Washington, Mar 26 : An Arizona State University researcher has developed a novel biosensing nanodevice that may do away with long lines at airport security checkpoints and revolutionize health screenings for diseases like anthrax, cancer and antibiotic resistant Staphylococcus aureus (MRSA).
This device has been developed by Wayne Frasch and its uniqueness lies in the fact that it is based on the world's tiniest rotary motor: a biological engine measured on the order of molecules.
Frasch worked with the enzyme F1-adenosine triphosphatase, or F1- ATPase, which though only 10 to 12 nanometers in diameter, has an axle that spins and produces torque.
F1- ATPase is part of a complex of proteins pivotal to creating energy in all living things, including photosynthesis in plants. It breaks down adenosine triphosphate (ATP) to adenosine diphospahte (ADP) for releasing energy.
Through his own detailed study of the rotational mechanism of the F1-ATPase, operating like a three-cylinder Mazda rotary motor, Frasch conceived of a way to take this tiny biological powerhouse and couple it with science applications outside of the human body.
For this the researcher showed that the enzyme can be armed with an optical probe (gold nanorod) and manipulated to emit a signal when it detects a single molecule of target DNA. This is achieved by affixing an inactive F1-ATPase motor to a surface.
Later, a single strand of a reference biotinylated DNA molecule is attached to its axle. The marker protein, biotin, on the DNA is known to bind specifically and tightly to the glycoprotein avidin, so an avidin-coated gold nanorod is then added. The avidin-nanorod attaches to the biotinylated DNA strand and forms a stable complex.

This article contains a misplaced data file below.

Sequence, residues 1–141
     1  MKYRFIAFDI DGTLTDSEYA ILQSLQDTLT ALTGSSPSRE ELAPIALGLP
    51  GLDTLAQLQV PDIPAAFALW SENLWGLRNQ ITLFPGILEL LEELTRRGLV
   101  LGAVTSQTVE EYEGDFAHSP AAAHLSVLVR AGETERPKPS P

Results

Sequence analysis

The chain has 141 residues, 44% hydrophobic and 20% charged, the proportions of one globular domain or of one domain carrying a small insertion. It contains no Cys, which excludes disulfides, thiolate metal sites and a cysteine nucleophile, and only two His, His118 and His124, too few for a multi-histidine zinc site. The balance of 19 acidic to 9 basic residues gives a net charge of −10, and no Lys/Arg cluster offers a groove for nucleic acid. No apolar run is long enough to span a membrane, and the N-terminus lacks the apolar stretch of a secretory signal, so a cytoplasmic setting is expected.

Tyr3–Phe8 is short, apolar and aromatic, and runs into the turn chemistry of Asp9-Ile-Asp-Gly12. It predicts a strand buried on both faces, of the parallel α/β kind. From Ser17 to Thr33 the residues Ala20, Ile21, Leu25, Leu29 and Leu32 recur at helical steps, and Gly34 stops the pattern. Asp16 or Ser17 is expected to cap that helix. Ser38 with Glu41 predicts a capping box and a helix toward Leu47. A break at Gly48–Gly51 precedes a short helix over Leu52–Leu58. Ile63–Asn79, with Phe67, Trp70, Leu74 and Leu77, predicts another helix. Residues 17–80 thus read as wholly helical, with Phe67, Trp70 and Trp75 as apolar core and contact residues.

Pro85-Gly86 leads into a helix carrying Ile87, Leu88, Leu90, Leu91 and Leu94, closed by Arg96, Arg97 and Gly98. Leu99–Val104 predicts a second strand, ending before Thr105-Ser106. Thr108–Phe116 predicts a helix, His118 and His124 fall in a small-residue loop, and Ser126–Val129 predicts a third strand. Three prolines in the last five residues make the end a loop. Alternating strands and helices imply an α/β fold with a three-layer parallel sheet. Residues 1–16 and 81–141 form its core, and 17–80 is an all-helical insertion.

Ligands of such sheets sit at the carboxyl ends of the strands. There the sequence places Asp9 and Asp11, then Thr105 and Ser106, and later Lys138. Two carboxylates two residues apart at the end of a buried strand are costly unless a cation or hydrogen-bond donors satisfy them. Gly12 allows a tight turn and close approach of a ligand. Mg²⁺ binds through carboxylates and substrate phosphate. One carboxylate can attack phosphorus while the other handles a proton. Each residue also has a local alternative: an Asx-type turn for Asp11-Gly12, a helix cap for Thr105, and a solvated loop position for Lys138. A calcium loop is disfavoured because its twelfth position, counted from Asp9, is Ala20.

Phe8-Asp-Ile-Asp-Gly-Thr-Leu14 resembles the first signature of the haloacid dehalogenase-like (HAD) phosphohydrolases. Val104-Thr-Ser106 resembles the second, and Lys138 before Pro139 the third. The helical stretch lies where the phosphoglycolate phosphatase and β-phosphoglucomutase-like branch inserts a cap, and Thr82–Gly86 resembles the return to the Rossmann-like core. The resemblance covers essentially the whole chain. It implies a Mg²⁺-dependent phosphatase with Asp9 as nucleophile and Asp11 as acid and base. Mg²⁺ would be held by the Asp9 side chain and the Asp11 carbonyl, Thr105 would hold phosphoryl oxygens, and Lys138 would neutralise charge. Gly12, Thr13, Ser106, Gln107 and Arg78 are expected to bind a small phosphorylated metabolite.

When a test solution containing a target piece of DNA is added, this DNA binds to the single complementary reference strand attached to the F1-ATPase. The DNA complex, suspended between the nanorod and the axle, forms a stiff bridge. Once ATP is added to the test solution, the F1-ATPase axle spins, and with it, the attached (now double-stranded) DNA and nanorod. The whirling nano-sized device emits a pulsing red signal that can then be detected with a microscope.
Frasch said that the rotation discriminates fully assembled nanodevices from nonspecifically bound nanorods, resulting in a sensitivity limit of one zeptomole (600 molecules), i.e. if it's not moving and flashing, it simply isn't relevant.
"Studies with the F1-ATPase in my laboratory show that since it can detect single DNA molecules, it far exceeds the detection limits of conventional PCR [polymerase chain reaction] technology," said Frasch.
A prototype of the DNA detector is already in development. It is roughly the size of a small tissue box. Sampling would be as simple as taking a swab from an infected wound or a piece of baggage, dissolving it in a solution and placing a drop on a slide bearing reference F1-ATPases and their nanorods. Once in the instrument, red blinking signals emitted by rotating nanorods would let a computer know there's trouble, literally, in a flash.
Frasch has also extended the method to do protein detection at the single molecule level and this is novel as, unlike DNA, proteins cannot be amplified artificially to improve the chances of detection.
An article detailing the findings: "Single-molecule detection of DNA via sequence-specific links between F1-ATPase motors and gold nanorod sensors" was recently published in the journal Lab on a Chip, and featured in the online journal Chemical Biology produced by the Royal Society of Chemistry.